Hi everyone! I know this may not be a LAMMPS-specific issue, but I figured the list would be the best forum to get advice on this.
I have access to a NVIDIA Quadro RTX 4000 with Windows 10 as the current OS. I’ve been trying to get the latest pre-compiled Windows binaries to work with the GPU. The NVIDIA drivers and CUDA have been installed. NVIDIA’s opencl examples work perfectly and show that the GPU is running the code.
When running lmp_serial -in in.lj, the simulation runs fine and takes two seconds on one thread. When running lmp_serial -sf gpu -in in.lj, I get the error
ERROR: Could not find/initialize a specified accelerator device (…/gpu_extra.h:35)
Last command: package gpu 1
LAMMPS doesn’t see the GPU. I tried running ocl_get_devices and I get the response of “Found 0 platform(s).” which confirms that LAMMPS doesn’t see the GPU. I ran NVIDIA’s ocl_device_query and got the response below which shows that NVIDIA’s code found the GPU.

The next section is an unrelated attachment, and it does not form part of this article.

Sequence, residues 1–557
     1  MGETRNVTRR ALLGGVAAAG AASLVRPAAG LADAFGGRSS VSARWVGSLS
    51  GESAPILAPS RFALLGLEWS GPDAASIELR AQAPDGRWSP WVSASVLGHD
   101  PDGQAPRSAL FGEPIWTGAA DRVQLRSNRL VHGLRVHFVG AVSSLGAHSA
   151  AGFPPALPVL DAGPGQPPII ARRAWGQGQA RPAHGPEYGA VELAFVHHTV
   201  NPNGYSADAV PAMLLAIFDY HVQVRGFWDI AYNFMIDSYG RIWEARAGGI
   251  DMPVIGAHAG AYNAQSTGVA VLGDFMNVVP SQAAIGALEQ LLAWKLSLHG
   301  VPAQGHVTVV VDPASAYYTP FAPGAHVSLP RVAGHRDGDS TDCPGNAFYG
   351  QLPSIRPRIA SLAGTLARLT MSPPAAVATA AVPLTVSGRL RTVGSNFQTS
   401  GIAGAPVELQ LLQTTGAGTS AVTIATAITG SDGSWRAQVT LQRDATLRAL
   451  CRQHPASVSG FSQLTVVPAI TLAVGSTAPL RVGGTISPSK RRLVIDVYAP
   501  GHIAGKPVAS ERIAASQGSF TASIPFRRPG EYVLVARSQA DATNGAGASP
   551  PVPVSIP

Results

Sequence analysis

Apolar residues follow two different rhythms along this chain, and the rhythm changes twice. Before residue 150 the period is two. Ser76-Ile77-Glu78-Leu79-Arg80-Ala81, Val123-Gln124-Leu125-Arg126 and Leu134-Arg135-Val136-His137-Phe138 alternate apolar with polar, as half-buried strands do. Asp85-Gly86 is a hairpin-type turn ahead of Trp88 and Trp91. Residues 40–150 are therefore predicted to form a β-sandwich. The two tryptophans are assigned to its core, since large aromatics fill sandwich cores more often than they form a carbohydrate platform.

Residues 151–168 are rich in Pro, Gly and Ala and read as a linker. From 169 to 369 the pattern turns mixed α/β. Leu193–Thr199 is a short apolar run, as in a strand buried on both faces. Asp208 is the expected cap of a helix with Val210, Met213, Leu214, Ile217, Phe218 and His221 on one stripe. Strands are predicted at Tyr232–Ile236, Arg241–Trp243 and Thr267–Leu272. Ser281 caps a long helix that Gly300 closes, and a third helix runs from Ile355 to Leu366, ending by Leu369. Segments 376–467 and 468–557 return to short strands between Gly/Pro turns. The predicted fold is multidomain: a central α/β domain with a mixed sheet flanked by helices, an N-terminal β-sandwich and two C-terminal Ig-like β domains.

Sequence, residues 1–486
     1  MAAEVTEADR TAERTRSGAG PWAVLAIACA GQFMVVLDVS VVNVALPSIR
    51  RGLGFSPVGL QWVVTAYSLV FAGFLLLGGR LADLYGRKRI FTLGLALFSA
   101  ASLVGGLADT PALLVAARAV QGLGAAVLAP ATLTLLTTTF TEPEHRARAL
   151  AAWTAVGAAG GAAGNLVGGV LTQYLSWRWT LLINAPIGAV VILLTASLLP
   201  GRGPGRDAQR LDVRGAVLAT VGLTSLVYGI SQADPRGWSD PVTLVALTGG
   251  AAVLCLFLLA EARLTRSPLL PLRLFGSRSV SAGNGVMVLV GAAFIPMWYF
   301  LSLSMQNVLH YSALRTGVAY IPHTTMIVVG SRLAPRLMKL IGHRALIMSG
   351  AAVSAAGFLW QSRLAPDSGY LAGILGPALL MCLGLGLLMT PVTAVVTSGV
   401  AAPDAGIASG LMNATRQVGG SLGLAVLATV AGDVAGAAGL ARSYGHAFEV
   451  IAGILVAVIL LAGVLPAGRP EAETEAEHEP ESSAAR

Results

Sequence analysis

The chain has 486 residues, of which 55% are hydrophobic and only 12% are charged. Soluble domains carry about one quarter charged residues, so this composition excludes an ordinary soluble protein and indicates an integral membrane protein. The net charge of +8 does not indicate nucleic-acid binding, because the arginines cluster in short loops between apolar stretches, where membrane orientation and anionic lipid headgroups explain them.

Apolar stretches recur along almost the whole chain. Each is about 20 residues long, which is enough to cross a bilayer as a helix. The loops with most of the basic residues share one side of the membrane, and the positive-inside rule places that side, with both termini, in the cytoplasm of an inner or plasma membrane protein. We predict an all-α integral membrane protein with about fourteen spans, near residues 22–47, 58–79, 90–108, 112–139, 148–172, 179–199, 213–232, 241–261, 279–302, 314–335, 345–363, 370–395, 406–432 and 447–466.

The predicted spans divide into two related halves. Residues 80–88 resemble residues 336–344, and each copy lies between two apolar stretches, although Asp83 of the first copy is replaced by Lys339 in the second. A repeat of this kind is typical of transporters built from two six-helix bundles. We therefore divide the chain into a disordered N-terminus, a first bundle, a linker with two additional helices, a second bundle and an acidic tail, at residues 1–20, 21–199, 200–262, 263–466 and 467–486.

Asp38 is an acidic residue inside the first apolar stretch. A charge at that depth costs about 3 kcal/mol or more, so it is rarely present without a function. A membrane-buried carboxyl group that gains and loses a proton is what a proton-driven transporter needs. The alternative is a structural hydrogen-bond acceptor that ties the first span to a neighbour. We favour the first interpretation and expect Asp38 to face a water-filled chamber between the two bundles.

"OpenCL SW Info:
CL_PLATFORM_NAME: NVIDIA CUDA
CL_PLATFORM_VERSION: OpenCL 1.2 CUDA 10.2.95
OpenCL SDK Revision: 7027912
unfortunately, there is little that can be done to debug or resolve this situation by the LAMMPS developers. The windows binaries are compiled on Linux machines with a cross-compiler and we have no access to suitable hardware with windows and an nvidia gpu, and also limited time and experience. This all used to work fine many years ago on windows 7 when the current build procedure was established, but it seems that multiple developments on the OS and driver side (for both AMD and Nvidia GPUs) have rendered the GPU package support unusable for a growing number of people. We regret this, but the only viable solution to use the GPU under these circumstances is to have a Linux partition and do LAMMPS calculations there.
This is not likely to change until there would be a volunteer with experience in compiling/programming on windows, that is willing to collaborate with the LAMMPS developers to get a proper native windows port going (which would allow us to use CUDA instead of OpenCL for better performance and also possibly include KOKKOS) that then could also be signed and registered as a proper supported windows application (and distributed through the windows app store).